Compton examines how Suprematism strived to distinguish itself from previous Russian Avante-Garde movements such as Futurism. Discussing the beginning of Suprematism, Compton draws attention to Malevich’s involvement in a Futurist opera Victory Over The Sun, for which Malevich designed the costumes and sets. Compton argues that it was during this time that Malevich conceptualized his ideas for The Black Square and makes a connection to The Fourth Dimension by Uspensky – a literary work about cosmic consciousness and higher intuition. 

Douglas, Charlotte. “Suprematism: The Sensible Dimension.” The Russian Review 34, no. 3 (1975): 266–281.

Douglas looks at the historical and philosophical motivation for Suprematism, while also focusing on Malevich’s biography to get a better understanding of the artist’s approach to the new art movement. Douglas explains Malevich’s ideas about sensations and feelings, referencing the artist’s own writings. This article is relevant to my research because it clearly explains what Suprematism meant for Malevich and how he viewed his Black Square as its own living organism.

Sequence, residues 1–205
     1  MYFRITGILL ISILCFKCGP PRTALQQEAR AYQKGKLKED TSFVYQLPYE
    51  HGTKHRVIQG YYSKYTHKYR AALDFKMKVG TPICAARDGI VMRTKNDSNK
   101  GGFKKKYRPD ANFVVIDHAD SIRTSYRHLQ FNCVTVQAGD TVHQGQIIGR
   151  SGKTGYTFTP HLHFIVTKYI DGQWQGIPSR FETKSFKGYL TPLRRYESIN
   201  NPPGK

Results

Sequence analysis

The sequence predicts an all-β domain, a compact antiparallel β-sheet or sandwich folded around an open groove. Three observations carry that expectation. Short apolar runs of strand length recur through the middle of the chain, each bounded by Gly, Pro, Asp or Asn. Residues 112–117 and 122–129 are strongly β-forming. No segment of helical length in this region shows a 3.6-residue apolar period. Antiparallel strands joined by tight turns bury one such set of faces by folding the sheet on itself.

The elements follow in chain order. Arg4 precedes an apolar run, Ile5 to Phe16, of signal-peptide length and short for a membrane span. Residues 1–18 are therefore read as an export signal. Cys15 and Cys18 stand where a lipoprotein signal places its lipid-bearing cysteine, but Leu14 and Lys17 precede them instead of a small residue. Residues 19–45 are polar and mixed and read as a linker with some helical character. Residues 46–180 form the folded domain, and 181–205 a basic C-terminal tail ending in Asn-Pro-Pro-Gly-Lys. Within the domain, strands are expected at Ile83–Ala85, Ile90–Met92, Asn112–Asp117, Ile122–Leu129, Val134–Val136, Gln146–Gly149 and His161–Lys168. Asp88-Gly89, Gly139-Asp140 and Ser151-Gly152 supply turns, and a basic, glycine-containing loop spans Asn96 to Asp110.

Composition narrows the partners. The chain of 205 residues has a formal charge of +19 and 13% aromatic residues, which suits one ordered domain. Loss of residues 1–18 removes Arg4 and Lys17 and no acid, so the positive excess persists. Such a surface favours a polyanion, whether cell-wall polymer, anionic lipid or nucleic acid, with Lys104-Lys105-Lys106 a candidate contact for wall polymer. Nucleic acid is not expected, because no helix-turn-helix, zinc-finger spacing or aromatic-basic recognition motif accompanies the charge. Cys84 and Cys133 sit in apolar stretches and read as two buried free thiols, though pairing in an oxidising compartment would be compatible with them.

Fingesten, Peter. “Spirituality, Mysticism and Non-Objective Art.” Art Journal 21, no. 1, (1961): 2-6.

Touching upon the influence of Theosophy, Hinduism and Zen Buddhism, Fingesten looks at how non-objective art has contributed to the development of the mind and has created a shortcut to direct experience of feeling.  For Fingesten, Malevich is not a mystic like Kandinsky or Mondrian, but his art does strive towards pure vision. Approaching formalism, semiotics, and symbolism, Fingesten introduces “metasymbolism” as a term to describe artworks such as The Black Square,for it does not stand as a symbol for something in the external world but it symbolizes a deeper truth – a pure feeling – inside its formal world. 

Kurbanovsky, Alexei. “Malevich’s Mystic Signs: From Iconoclasm to New Theology” in Mark D. Steinberg and Heather J. Coleman, eds., Sacred Stories: Religion and Spirituality in Modern Russia. Bloomington: Indiana University Press, 2007. 

Kurbanovsky is mapping out Malevich’s evolution of creative thinking by drawing connections to philosophy and aesthetics. Approaching semiotics, Kurbanovsky makes a very interesting connection between religious icon paintings and Malevich’s Suprematist works. The Black Square is viewed as a mystic sign – a signifier for the impossibility of representing transcendence. This article by Kurbanovsky is highly relevant to my interest in the mysticism of The Black Square as it draws important connections to icon painting by using iconographic and semiotic methodologies.